Objective We explored what constitutes successful commissioning for transition and what challenges are associated with this. We aimed: (1) to identify explicit and implicit organisational structures, processes and relationships that drive commissioning around transition; (2) to identify challenges faced by commissioners; and (3) to develop a conceptual model.
Design A qualitative interview study.
Setting Commissioning and provider organisations across primary and secondary care and third sector in England, UK.
Participants Representatives (n=14) from clinical commissioning groups, health and well-being boards and local authorities that commission national health services (NHS) for transition from children’s to adults’ services in England; NHS directors, general practitioners and senior clinicians (n=9); and frontline NHS and third sector providers (n=6).
Results Both commissioners and providers thought successful transition is personalised, coordinated and collaborative with a focus on broad life outcomes and actualised through building pathways and universal services. A multitude of challenges were described, including inconsistent national guidance, fragmented resources, incompatible local processes, lack of clear outcomes and professional roles and relationships. No single specific process of commissioning for transition emerged—instead complex, multi-layered, interactive processes were described.
Conclusions The findings indicate a need to consider more explicitly the impact of national policies and funding streams on commissioning for transition. Commissioners need to require care pathways that enable integrated provision for this population and seek ways to ensure that generalist community providers engage with children with long-term conditions from early on. Future research is needed to identify a core set of specific, meaningful transition outcomes that can be commissioned, measured and monitored.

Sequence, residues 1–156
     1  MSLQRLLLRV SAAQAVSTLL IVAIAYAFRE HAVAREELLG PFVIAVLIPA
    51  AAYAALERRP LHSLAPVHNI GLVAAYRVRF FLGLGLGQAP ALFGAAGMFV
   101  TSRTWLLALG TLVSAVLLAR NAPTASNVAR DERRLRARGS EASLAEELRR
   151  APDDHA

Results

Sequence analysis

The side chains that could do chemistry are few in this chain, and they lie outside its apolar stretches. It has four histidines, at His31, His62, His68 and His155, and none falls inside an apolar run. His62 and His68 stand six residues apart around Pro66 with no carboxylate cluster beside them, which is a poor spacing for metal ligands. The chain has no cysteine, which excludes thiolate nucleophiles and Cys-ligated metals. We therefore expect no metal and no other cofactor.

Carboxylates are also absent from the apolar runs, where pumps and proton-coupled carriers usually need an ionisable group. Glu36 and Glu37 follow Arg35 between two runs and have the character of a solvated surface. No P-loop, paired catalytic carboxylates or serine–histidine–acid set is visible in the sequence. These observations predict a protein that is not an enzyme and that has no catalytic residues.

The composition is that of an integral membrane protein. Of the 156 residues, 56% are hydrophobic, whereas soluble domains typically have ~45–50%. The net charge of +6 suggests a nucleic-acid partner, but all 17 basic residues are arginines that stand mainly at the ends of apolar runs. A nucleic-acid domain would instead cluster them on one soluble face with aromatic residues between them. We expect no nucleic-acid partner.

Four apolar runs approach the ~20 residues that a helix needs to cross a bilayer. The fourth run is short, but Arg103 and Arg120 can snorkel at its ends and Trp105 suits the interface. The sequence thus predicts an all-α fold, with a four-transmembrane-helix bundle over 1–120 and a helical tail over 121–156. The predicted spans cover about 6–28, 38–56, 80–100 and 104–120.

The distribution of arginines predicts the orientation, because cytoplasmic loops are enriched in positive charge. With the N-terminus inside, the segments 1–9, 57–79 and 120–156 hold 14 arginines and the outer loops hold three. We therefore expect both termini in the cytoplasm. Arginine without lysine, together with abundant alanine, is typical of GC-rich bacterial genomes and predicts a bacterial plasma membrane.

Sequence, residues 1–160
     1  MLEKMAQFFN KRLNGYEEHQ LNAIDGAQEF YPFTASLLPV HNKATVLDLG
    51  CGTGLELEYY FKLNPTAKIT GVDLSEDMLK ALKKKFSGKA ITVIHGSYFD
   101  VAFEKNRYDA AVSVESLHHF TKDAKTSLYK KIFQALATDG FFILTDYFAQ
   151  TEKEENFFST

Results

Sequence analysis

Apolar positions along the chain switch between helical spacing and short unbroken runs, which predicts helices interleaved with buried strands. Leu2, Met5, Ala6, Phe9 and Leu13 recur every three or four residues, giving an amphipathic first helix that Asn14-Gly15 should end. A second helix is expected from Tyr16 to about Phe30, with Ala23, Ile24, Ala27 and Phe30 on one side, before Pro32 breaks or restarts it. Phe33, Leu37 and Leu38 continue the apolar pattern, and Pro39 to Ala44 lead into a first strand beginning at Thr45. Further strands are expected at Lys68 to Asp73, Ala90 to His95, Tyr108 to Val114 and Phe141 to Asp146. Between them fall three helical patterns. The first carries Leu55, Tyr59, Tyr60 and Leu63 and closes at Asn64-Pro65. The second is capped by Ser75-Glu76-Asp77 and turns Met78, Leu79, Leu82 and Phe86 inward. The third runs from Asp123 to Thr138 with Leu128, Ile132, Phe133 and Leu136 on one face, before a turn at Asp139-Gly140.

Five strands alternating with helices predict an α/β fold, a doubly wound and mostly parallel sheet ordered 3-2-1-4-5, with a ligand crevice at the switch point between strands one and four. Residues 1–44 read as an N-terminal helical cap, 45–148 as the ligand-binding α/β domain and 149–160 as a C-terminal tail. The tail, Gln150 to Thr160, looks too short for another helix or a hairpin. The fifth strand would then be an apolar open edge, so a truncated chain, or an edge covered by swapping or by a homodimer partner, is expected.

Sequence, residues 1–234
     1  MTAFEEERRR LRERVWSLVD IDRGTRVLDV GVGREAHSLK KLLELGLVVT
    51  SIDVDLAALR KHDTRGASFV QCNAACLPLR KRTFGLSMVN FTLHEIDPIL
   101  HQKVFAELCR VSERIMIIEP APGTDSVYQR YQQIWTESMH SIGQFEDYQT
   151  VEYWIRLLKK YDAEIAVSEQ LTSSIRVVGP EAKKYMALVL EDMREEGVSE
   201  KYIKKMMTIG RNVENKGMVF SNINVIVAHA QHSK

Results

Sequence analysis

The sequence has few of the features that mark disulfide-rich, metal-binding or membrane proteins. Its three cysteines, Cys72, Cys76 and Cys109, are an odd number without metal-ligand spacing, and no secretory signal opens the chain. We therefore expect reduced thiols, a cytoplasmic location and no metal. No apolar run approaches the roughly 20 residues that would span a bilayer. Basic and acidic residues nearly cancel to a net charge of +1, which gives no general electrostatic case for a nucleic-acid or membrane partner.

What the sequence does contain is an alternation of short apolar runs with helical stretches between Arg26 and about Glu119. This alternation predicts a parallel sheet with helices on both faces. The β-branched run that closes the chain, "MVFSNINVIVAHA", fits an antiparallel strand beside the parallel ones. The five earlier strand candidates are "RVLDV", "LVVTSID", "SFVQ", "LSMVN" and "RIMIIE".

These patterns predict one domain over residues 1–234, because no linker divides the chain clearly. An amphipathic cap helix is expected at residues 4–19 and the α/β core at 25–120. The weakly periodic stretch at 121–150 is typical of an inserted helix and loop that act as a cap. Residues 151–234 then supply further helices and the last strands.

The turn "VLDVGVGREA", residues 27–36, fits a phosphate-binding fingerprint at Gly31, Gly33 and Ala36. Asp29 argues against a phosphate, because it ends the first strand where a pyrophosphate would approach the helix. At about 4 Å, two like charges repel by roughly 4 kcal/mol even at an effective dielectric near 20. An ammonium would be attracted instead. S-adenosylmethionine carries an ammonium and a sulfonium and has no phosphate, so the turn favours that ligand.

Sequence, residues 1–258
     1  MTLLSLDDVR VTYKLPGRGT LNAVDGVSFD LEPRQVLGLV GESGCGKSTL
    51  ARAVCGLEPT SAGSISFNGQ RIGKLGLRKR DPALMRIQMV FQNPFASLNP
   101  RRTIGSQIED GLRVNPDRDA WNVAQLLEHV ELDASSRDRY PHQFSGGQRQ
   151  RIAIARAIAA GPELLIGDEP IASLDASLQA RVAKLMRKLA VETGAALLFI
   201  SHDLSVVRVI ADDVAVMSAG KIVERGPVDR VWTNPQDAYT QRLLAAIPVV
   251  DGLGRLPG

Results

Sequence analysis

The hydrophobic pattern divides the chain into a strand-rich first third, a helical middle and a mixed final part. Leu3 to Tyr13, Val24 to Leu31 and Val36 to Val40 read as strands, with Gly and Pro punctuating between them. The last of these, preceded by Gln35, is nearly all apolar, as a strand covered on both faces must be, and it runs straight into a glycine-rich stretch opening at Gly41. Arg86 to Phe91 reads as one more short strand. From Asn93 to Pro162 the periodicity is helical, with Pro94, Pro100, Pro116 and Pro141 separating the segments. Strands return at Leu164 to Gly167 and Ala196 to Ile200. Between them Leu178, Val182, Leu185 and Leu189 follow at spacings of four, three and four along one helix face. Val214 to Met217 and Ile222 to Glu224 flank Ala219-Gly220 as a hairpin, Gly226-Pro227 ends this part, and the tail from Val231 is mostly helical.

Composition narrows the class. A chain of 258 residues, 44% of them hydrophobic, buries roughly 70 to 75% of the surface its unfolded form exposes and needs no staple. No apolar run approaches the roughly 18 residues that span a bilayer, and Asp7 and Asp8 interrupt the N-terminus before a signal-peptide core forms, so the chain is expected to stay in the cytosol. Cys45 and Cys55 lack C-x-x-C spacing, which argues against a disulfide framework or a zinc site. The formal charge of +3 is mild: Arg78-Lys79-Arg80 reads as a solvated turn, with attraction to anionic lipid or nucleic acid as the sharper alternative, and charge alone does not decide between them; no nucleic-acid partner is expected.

- health services research
- health economics
- general paediatrics
- qualitative research
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Contributors AC contributed to the study design, data analysis and the writing of the initial report and the subsequent manuscript (especially the introduction, discussion and the reviews of the literature); and approved the final version of the manuscript. ALC contributed to the study design, data analysis and the writing of the initial report and the manuscript (especially discussion); and approved the final version of the manuscript. GM contributed to the data analysis and writing of the initial report (especially the results) and approved the final version of the manuscript. LV contributed to the overall design, the writing of the initial report and the subsequent manuscript (especially methods) and approved the final version of the manuscript. NK contributed to the study design, data collection plan and data analysis; led the writing of the initial report and the subsequent manuscript; and approved the final version of the manuscript. SMC led the review of all the literature and the development of the data collection plan and materials, collected the data and contributed to the data analysis; co-led the writing of the manuscript; and approved the final version of the manuscript.
Competing interests None declared.
Ethics approval Newcastle University Faculty of Medical Sciences Ethics Committee.
Provenance and peer review Not commissioned; externally peer reviewed.
Data sharing statement The data are not shared through a public repository as this was not part of the initial consent, and after careful consideration, anonymising it for public sharing is not considered feasible. Researchers interested in accessing the data should contact the authors directly to discuss access arrangements.
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